But I did know enough to tell God to go fuck himself, at least, since he was more inclined to judge than to save me, and I did know enough to realize that it is not okay to go to church on the seventh day and then park your kid on the curb on the first day because your mother wasn’t available to watch her. Soon enough I found wished I had a curb to sit on. The next visit to the latest boy friend who looked like James Coburn — yes, even at six I knew who that was, though I shouldn’t have — had me in the living room with a television and a stack of Playboys and the unmuffled sounds of my mother and Mr. Would-be Coburn. I’m that woman’s child. Even as an adult I can’t decide, yay or nay, whether my grandmother knew that’s where my mother took me once Grandma got a job outside the home and could no longer watch me and my sister. And as for my sister, the middle sister, who knows where she was. Not with me. All I know is that when I called out for her that day that I was left in the living room with the Playboys she called back to me and let me follow her voice until I found her in bed. Naked. With a man who looked like James Coburn. Who does that? Even at five I found myself thinking, This is not good parenting. Or the five-year-old equivalent to that. I may have been cowed, but deep inside I was still a canny kid. But no matter what direction in which I turned, there was an adult who told me, implicitly or explicitly, to be quiet, to obey, to not talk about what was not to be not talked about. Or they told me what a lucky girl I was to have such a good family. What if I lived in Africa among all those savage we were working so hard to save and bring to God? And I remember thinking about running away and knowing, even at a young enough age that you’d think I couldn’t think it through, that what would happen to me would only be worse. Even at 14, when most would flee, I could see that leaving home alone was courting more danger than I already had, more than I could safely control, and at 14 if I was already depressed and suicidal how was I ever going to be a decent judge of who was trustworthy?
At ten, I received the only thing I’d wanted since I was five, a father, a happy event that came with a side dish. We moved to the city, two and a half hours north of Grandma and Grandpa’s house, which was close enough to visit every weekend but not, blessed be God, so close that there was time for church. My mother had always counted on Grandma to take me to church, thereby giving her a day off, and without Grandma to do it, no church. I did miss getting a pretty new dress and patent leather shoes for Easter service, but that was all I missed. That’s all the church could offer me, that and judgment day.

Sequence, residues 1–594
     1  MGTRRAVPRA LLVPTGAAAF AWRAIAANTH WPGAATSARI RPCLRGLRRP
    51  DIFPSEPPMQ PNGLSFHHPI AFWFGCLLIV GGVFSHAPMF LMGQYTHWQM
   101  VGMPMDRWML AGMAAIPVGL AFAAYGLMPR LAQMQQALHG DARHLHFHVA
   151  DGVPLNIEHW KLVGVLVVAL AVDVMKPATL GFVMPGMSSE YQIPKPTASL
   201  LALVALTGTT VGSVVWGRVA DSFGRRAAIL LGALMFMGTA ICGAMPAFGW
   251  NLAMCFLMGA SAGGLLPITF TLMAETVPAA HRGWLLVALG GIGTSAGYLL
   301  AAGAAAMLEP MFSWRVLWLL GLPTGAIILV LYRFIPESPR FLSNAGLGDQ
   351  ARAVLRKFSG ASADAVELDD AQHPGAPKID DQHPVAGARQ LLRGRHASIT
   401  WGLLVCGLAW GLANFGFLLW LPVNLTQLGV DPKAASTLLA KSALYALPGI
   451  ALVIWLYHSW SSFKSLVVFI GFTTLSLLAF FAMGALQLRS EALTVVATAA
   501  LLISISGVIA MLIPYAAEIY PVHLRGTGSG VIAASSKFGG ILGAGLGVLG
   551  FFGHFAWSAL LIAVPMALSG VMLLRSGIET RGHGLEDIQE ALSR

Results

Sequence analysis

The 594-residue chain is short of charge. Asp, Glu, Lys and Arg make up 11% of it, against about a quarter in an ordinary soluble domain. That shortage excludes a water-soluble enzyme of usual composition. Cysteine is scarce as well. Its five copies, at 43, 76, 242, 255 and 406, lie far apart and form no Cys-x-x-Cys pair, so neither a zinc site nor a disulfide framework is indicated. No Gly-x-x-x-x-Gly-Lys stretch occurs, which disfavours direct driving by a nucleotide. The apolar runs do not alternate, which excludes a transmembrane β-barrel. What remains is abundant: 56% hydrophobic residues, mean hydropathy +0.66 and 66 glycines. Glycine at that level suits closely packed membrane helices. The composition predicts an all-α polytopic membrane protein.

I never let on, that I was on a sinking shipI never let on that I was downYou blame yourself, for what you can't ignore
It’s too bad you can’t hear the music. [This is in print form.] That’s half the essay. That’s half of every piece I write. Hell, that’s half the pleasure. You can hear it in the online version, of course. Or you can go to YouTube and stream it in the background if you’re so inclined, which is how I write. The only thing missing in that experience is a replay feature, although I suppose there is a certain elegance in being required to shift away from what you’re doing for the microsecond required to restart the music, like moving the needle on vinyl (something I’m actually old enough to remember from when I was a kid in a groove), like repositioning the hand to your sweet spot, whether that spot is in your head or on your body; everything takes focus. Even meditation has to turn back the mind, turn back the mind, turn back, turn back, turn . . . Pleasure has its necessities, its interruptions, its interrogatories as it moves toward satisfaction. In fact, it might be said that the slight edging away toward dissatisfaction is what creates so much pleasure in the end. Pleasure that sprints from A to Z with no stops in between is generally paid for — or should be — and offers little in the way of satiety.